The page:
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Nvidia may be shooting itself in the foot with its new monster GPU

Nvidia has only just launched the RTX 4090 and the RTX 4080, but there’s another GPU that’s just starting to appear for sale — the RTX 6000.

The card is not only more powerful than the flagship RTX 4090, but it also has a hefty $9,999 price tag. What is the RTX 6000, exactly, and what does it mean for Nvidia’s next-gen cards? Here’s what we know.

Nvidia's RTX 6000 graphics card.

Don’t worry, you didn’t miss a major graphics card release — it’s just Nvidia’s confusing naming scheme. The Nvidia RTX 6000 is a new professional graphics card based on the latest Ada architecture. Being a “prosumer” card, it’s aimed not at enthusiasts but at professionals, and it will find its home in workstations rather than gaming PCs.

This particular model is an Nvidia reference design, but it was manufactured by PNY, and the company published the whole spec sheet. In short, this card is quite a monster, as it should be. It comes with 18,176 CUDA cores, 568 Tensor cores to support artificial intelligence-related tasks, 76.3 billion transistors, and 142 third-gen ray tracing (RT) cores. While it uses the AD102 die, it still doesn’t make the most of it; the fully unlocked die has 18,432 CUDA cores.

Compared to the RTX 4090, the GPU has several advantages. It has more CUDA cores (the RTX 4090 has 16,384) and a massive 48GB of ECC (error correction code) GDDR6 memory across a 384-bit interface. This type of memory is used in workstations and servers, so it would make no sense for the RTX 4090 to be equipped with it.

Perhaps more importantly, the RTX 6000 is much less power-hungry than the 4090 — it has a total board power (TBP) of 300W as opposed to the 450W on the RTX 4090. Oftentimes, workstations will feature more than a single GPU, so it makes sense that Nvidia decided to cut back on the TBP here.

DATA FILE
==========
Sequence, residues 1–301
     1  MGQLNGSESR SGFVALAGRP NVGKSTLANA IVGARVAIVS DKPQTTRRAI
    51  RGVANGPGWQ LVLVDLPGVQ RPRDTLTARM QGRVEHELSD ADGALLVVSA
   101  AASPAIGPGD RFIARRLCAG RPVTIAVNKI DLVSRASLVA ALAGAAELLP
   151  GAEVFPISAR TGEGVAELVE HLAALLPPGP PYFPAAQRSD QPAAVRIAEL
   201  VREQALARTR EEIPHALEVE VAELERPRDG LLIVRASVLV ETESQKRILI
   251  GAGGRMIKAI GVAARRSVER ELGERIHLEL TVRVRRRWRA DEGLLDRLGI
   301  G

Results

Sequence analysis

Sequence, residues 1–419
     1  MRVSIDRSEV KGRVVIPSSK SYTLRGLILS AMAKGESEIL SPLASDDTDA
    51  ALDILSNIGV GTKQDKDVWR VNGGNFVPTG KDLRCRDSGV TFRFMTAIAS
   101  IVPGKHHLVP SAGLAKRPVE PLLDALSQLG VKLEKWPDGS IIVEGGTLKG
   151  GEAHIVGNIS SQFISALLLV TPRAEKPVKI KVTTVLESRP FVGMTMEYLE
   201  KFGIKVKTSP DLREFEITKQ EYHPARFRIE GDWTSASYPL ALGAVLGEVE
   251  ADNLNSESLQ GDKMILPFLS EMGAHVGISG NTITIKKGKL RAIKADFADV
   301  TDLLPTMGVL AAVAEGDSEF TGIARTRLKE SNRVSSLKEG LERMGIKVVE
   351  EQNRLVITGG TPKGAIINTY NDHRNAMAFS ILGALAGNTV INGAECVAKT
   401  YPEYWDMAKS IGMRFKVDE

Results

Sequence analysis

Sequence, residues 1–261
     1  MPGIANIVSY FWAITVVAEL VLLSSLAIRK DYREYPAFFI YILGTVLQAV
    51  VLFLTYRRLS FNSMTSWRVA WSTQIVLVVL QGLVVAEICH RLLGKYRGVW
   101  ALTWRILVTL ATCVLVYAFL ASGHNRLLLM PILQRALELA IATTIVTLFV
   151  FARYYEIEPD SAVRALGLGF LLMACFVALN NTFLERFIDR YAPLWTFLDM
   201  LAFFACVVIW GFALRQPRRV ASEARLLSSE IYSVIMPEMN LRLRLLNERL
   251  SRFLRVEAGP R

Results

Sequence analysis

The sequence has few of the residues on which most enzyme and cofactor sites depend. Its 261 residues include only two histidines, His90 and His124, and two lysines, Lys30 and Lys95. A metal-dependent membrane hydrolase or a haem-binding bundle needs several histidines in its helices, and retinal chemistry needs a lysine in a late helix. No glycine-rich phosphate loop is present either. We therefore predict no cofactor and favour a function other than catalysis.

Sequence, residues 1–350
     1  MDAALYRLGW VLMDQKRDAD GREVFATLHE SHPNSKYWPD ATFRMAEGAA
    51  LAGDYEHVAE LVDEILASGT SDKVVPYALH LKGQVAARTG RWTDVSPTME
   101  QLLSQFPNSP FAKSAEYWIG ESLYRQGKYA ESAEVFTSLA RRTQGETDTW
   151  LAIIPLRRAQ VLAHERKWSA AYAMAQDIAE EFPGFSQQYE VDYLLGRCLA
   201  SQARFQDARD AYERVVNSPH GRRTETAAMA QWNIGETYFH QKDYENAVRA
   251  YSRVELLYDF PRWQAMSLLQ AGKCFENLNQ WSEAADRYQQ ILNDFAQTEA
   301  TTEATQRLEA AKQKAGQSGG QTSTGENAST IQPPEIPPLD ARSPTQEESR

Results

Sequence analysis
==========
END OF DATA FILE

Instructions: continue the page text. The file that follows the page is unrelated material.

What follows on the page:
The pricing is downright scary, however. The recommended retail price of the RTX 6000 is $9,999, but Tom’s Hardware spotted it up for sale at discounted prices. It costs $8,209 at CompSource and $7,377 at ShopBLT. These prices make the RTX 4090 look super cheap, but don’t be fooled — it’s not.

Nvidia's RTX 6000 seen from the side.

The card itself is certainly powerful, but it’s Nvidia’s weird naming scheme that makes us pause. When it comes to workstation cards, the previous generation was dubbed the RTX A6000, so for this gen, Nvidia only dropped the “A” and released a whole new product, which is a bit confusing, but acceptable.

However, calling it the RTX 6000 creates an interesting problem down the road — what happens in two generations when Nvidia’s consumer GPUs reach the level of RTX 6000? This won’t happen for a good few years, of course, but when it does, Nvidia might have to come up with a new name for those next-gen graphics cards.

If it decides to stick to RTX 6000, we’ll have some awkward “Nvidia releases the RTX 6000 … for the second time” announcements to look forward to.

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Monica J. White
Monica is a UK-based freelance writer and self-proclaimed geek. A firm believer in the "PC building is just like expensive…
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